Three weeks ago when I heard that a big protest was being planned to take place in Cairo on January 25, I was far from excited. I had just moved my Cairo office to a new location in one of the best neighborhoods in the city. I recently finished a month of job interviews to hire more staffers for my creative consulting company MADEO. Life was comfortable and going quite well. I didn't want anything to mess with that.
I was in New York on January 25 preparing to fly to Cairo as I watched the scenes of the protests grow, the clashes with the police escalate and then the shock of seeing the police just vanish. My flight got cancelled, Cairo was under curfew for the first time in my life and everything drastically changed after that.
Every friend, family member and colleague participated in safeguarding their homes and offices as the police disappeared. The curfew put the country at a halt and the economy deteriorated day by day. Egypt witnessed a wakening and a real test. It was business as usual for the past 30 years and in just one week, everyone was expected to volunteer in the street around the clock, create a neighborhood watch, pick sides in politics and rethink their whole life in Egypt. What was unique and exceptional in these events was seeing the value in participation. The protests were initiated by Facebook pages, tweets and viral emails. They didn't have a political leader and there were no real parties involved. It was baffling to everyone, especially the government. They simply could not understand it. Wael Ghonim, the young Egyptian who created one of the most influential Facebook pages that led to the mass protests got arrested after the first day. He was detained for 12 days of questioning. The police genuinely could not believe that there were no organized groups behind this. They simply did not get how platforms like Facebook and blogs got everyone to participate to such a scale. What was particularly inspiring was seeing how innovation stemmed out so quickly out of need. Neighbors met for the first time in years and came up with ideas for protecting their neighborhood and making it survive this crisis. The protesters had to come up with ideas for surviving for that long in the square, from figuring out electricity sources to creating make-shift hospitals, nurseries and other outlets.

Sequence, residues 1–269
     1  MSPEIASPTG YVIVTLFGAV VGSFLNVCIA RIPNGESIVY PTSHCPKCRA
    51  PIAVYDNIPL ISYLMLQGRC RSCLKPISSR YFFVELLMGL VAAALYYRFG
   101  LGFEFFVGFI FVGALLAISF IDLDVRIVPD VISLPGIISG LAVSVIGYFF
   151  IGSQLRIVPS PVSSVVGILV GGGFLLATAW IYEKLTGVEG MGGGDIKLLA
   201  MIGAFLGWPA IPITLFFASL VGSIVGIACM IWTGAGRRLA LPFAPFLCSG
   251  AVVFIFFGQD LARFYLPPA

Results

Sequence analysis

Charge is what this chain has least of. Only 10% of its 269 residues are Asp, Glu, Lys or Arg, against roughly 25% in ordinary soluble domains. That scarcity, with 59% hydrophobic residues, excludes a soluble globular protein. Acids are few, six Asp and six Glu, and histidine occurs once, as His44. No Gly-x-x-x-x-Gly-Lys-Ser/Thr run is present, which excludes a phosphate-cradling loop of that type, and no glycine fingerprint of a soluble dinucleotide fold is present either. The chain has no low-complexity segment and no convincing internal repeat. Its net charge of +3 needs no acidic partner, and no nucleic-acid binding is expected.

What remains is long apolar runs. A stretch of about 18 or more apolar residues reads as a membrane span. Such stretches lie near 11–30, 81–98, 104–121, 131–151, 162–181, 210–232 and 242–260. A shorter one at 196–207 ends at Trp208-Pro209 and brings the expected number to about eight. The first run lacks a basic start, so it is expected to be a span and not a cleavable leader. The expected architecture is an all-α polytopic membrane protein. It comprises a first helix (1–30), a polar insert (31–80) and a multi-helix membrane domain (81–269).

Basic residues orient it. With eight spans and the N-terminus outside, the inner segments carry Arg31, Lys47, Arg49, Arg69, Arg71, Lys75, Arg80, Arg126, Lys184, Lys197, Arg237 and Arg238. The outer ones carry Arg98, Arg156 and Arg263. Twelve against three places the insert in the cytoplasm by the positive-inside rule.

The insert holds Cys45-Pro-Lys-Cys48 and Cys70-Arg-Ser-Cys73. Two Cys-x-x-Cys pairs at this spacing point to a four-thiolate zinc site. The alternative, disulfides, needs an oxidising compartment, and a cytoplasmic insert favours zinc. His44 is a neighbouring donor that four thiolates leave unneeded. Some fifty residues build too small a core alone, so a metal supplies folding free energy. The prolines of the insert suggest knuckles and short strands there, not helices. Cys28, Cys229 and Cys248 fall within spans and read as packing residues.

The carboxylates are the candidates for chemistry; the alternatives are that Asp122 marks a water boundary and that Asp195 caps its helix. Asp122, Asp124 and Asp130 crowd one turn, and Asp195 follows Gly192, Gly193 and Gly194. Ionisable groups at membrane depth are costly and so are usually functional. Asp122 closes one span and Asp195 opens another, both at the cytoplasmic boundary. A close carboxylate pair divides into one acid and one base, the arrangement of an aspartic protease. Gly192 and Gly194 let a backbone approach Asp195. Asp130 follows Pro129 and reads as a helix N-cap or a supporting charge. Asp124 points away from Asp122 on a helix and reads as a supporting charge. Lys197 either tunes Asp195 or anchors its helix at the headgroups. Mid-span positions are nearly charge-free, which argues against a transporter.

The thousands of young Egyptians that committed themselves to making Mubarak step down are now committing themselves to creating a genuine democracy. People are not cynical about taking chances anymore. There are a lot of young Egyptians coming out with new solutions for voting systems, digital apps that help people connect to clean the city, websites to improve traffic and so many more beta and startup projects coming out with the country's best intention in mind.
There are so many projects in development right now that are innovative and driven by social impact. Starting this morning at MADEO, we are working on a new business model to make it possible for us to support social entrepreneurship projects and the startups that will come out of this new era. We want to be there to help these small projects grow and make it affordable to young entrepreneurs to take chances, experiment and innovate. We want to help them in designing their brand identity and their communication and business strategy. We want to make sure these projects flourish and become sustainable. We are not alone in any of this. The conversations in Egypt are now about building the country, investing in innovation and challenging the status quo.
I might have been happy to move into a new office in a nice neighborhood last month, but today it seems really trivial compared to how thrilled I am for the real change that is taking place in Egypt, with all the real challenges that come with it. There are many questions unanswered about the future of Egypt, but that to me seems a lot better than how predictable things were in the past. This is what real change is about, and I am lucky to witness and participate in what is clearly Egypt's new era.